Israel-Hamas prisoner swap set to start on Tuesday
JERUSALEM (Reuters) - Israel and the Gaza Strip's Islamist Hamas rulers prepared to implement a prisoner swap on Tuesday in which Israeli soldier Gilad Shalit will be exchanged for hundreds of Palestinians.
The deal was given the all-clear by Israel's highest court late on Monday after it rejected petitions to block the swap by relatives of Israelis killed by some of the Palestinians to be released.
The first phase of the exchange was expected to begin on Tuesday at around 0400 GMT (6 a.m. local time) and should end a saga that has gripped Israelis over the five-plus years of Shalit's captivity in Gaza.
Egypt, which has been credited as a major player in brokering the deal, will receive Shalit from his Hamas captors and hand him over to Israel at the same time as Israel starts to free the Palestinians at various locations.
Shalit, now 25, was captured in June 2006 by militants who tunneled into Israel from the Gaza Strip and surprised his tank crew, killing two of his comrades.
After his return, Shalit will be flown by helicopter to an air base in the center of Israel where he will be greeted by Prime Minister Benjamin Netanyahu, other leaders and close family. Later he will be flown to his home in northern Israel.
Hamas were readying a heroes' welcome in Gaza for 295 of the 477 prisoners set for freedom in the first phase who were due to be sent to the Israeli-blockaded territory. Of those going to Gaza, 41 will then be exiled abroad.
Hamas sources said Turkey, Qatar and Syria will take the exiled prisoners after the movement's leader, Khaled Meshaal, greets them in Cairo.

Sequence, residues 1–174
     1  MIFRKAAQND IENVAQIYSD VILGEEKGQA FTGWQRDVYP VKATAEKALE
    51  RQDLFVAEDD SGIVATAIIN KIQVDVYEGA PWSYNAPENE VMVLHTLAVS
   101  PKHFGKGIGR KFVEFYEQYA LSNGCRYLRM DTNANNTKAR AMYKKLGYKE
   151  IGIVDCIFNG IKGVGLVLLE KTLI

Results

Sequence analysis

A group of prisoners will be taken from Israel to the occupied West Bank, where they will be welcomed by Palestinian President Mahmoud Abbas, Hamas's greatest political rival, and their families.
Palestinians regard those jailed by Israel as prisoners of war in their struggle for statehood. Israel has some 6,000 Palestinian prisoners.
Israel withdrew troops and settlers from Gaza in 2005 but tightened its blockade of the coastal strip after Shalit's capture.
The repatriation of captured soldiers, alive or dead, has long been an emotionally charged issue for Israelis, many of whom have served in the military as conscripts. They also feel stung by the high price they feel Israel is paying for Shalit.
The campaign to free Shalit has often made Israeli headlines and the media in Israel has focused on little else since Netanyahu declared a week ago that he had secured his freedom.
In Gaza, the deal was trumpeted as a triumph for Hamas. The center of Gaza city was festooned with giant posters bearing portraits of the prisoners. The day has been declared a national holiday and a mass rally planned.
In the second phase of the swap expected to take place in about two months, a further 550 Palestinian prisoners will be freed, officials said.
Palestinian Prisoners Affairs Minister Essa Quraqe said that inmates not being released had ended a hunger strike as part of the deal after Israel agreed to return their conditions to what they were prior to Shalit's abduction.
The Israel-Hamas deal seemed unconnected to the U.S. State Department saying on Monday that the so-called Quartet of Middle East mediators would meet Israeli and Palestinian officials on October 26 to try to lay ground for fresh peace talks.
Israeli-Palestinian negotiations collapsed 13 months ago in a dispute over settlement building in the West Bank.
Abbas, dismissed by Hamas for what it sees as a feeble stance, has been pursuing a bid for U.N. recognition of Palestinian statehood in the West Bank and Gaza Strip in the absence of negotiations with Israel.
(Additional reporting by Nidal al-Mughrabi and Douglas Hamilton in Gaza and Tom Perry in Ramallah; Editing by Louise Ireland)
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